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Provincial & Muncipal Mismanagement

Posted May. 06, 2010 12:49,   


In Busan’s Seo district, the population decreased from 226,800 in 1985 to 125,700 this year. Yet the number of government officials there has increased from 425 to 541 over the same period. In Pyeongchang County of Gangwon Province, the population fell 3.54 percent from 2004 to 2008 but the number of government workers jumped 31.86 percent. Of 246 provincial and municipal governments, 86 or 35 percent hired more workers despite a decline in their populations for five years. In other words, they wasted taxpayers’ money to hire more officials and secure more budget.

The provincial and municipal governments in question say they needed to hire more staff because of rising demand for new administrative services such as social welfare. They did not cut, however, the number of staff in sectors for which demand has fallen or been eliminated. Private companies do not recklessly hire more workers when new tasks spring up. Facing the central government’s regulation on the number of officials, certain provincial or municipal governments have even resorted to tricks in which they hire more staff without changing the number of workers on paper. When they cannot hire more regular workers, they resort to taking on non-permanent staff. In short, their power needs to be kept in check.

Since such governments are neither controlled by the central government nor kept in check internally, they literally squander taxpayers’ money. They have spent a bundle on pork barrel policies such as festivals, exhibitions and athletic competitions. In certain autonomous regions, the ratio of government expense transfers to the private sector has even surpassed 11 percent on average. Some even allotted more than 20 percent of their budget to private organizations. In other words, provincial and municipal officials spend tax money for their election campaigns. Newly emerging candidates will find it hard to beat incumbents in the June 2 local elections.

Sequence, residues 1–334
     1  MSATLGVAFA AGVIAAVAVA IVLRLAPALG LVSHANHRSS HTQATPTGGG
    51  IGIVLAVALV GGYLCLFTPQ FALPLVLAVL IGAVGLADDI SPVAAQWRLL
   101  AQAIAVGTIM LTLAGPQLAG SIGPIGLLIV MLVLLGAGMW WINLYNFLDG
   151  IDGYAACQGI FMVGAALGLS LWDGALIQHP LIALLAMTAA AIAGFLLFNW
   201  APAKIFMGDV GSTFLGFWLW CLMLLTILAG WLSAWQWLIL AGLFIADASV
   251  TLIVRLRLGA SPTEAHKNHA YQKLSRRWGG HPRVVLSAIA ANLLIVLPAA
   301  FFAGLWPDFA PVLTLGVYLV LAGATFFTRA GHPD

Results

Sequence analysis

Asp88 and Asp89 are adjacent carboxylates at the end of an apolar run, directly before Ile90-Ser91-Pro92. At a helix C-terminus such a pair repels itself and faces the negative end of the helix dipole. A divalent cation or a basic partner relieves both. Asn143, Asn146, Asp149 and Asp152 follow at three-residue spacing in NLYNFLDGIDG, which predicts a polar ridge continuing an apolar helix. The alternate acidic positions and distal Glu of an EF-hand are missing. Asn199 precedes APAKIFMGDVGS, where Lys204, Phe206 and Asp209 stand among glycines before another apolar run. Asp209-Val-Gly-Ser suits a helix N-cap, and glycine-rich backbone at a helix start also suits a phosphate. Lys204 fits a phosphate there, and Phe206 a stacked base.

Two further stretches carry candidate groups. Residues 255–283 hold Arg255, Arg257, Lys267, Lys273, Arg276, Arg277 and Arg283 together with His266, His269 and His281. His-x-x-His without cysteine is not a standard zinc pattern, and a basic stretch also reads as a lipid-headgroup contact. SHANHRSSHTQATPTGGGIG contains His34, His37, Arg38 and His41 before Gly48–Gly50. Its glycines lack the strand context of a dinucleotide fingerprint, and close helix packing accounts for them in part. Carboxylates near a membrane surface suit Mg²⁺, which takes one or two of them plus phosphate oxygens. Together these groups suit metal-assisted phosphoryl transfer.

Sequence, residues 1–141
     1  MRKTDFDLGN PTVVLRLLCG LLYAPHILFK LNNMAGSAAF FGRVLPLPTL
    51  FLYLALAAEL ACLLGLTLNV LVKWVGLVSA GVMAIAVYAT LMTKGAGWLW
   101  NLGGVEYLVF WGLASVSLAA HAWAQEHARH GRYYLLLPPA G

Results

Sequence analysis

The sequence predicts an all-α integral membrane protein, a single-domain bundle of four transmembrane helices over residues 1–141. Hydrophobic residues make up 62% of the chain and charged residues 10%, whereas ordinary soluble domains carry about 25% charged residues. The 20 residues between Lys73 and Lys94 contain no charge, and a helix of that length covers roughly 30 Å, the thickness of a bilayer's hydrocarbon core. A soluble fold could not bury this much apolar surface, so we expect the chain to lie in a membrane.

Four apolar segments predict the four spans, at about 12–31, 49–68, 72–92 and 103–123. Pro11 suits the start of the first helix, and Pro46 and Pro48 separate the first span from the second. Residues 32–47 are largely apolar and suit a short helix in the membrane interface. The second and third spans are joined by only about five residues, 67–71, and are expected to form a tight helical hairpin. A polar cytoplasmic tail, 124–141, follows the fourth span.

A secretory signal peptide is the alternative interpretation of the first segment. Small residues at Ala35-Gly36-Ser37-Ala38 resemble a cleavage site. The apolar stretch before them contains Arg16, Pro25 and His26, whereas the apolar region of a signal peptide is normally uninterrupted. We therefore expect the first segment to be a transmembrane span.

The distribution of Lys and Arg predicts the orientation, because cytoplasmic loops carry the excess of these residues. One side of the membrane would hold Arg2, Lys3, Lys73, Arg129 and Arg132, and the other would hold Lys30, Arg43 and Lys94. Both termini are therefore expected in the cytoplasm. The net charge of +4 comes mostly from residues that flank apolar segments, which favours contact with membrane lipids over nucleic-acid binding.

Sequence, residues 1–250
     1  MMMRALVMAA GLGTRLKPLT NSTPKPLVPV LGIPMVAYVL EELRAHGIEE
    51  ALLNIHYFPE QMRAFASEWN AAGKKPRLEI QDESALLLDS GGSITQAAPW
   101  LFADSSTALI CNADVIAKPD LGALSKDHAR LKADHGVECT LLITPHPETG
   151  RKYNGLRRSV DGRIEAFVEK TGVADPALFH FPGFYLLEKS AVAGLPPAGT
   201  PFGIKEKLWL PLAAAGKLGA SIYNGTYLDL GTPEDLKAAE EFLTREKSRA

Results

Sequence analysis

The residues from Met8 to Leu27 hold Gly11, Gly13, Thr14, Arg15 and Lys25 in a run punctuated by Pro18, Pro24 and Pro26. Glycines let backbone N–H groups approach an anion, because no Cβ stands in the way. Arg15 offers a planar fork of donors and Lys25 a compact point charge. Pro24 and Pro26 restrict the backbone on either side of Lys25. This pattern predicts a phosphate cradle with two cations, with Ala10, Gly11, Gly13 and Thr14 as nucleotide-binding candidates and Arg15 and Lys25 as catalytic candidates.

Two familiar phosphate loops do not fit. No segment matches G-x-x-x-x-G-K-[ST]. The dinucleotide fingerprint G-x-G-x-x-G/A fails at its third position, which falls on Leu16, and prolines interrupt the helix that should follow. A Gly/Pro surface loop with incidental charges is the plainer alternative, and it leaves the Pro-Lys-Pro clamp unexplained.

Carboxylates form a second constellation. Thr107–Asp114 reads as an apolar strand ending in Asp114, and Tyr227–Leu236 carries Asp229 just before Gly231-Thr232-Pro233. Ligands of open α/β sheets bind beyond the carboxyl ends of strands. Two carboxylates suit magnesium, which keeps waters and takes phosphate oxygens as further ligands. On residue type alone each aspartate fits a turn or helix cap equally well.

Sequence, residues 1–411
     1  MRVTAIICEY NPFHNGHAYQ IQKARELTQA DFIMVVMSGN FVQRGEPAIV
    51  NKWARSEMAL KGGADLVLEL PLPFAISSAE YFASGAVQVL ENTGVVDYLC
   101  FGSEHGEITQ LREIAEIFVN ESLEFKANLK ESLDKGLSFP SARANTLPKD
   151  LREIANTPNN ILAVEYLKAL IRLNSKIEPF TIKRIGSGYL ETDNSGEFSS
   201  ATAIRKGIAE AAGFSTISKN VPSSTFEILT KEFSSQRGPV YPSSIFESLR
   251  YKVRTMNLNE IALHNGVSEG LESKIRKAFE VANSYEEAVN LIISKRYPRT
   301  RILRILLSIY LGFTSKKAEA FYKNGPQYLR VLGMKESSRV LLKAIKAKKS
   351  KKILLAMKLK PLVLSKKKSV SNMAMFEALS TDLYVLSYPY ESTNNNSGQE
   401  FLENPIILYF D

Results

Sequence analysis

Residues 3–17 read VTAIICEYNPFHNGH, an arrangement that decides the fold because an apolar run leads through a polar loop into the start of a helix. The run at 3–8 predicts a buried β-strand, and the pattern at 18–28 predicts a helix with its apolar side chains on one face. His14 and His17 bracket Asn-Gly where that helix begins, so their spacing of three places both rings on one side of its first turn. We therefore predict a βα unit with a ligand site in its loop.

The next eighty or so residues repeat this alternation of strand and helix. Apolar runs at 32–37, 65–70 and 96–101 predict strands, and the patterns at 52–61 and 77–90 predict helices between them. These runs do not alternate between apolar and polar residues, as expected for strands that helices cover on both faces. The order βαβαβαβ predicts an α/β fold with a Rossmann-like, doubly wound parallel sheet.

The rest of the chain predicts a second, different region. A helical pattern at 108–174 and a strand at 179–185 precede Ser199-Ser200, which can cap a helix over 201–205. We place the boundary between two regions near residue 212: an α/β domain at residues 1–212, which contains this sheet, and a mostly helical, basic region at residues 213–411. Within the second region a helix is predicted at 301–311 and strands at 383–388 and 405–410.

Since provincial and municipal governments fiscally depend on the central government, they are unlikely to go broke. This is no cause for a sense of relief, however. If their fiscal dependence on the central government decreases, they might face a fiscal crisis just like the U.S. state of California and the Japanese city of Yubari. Though belated, Washington and Tokyo introduced an early warning system to prevent state and municipal governments from facing a fiscal crisis. Japan forces provincial and municipal governments whose ratios of fiscal deficit or state bond issuance surpass a pre-set standard to devise plans to normalize their fiscal conditions. To prevent waste of tax money, the Japanese city of Ikeda spends part of its residence tax revenues on projects requested by its residents.

Provincial and municipal heads in Korea have wielded absolute authority, so their governments’ financial conditions have worsened. A change to their power is greatly needed. Greece faces a fiscal crisis due to careless management of public sectors and populism, resulting in Athens asking the International Monetary Fund for a bailout after it hesitated to reform its public sector. Korea must learn a lesson from Greece’s example.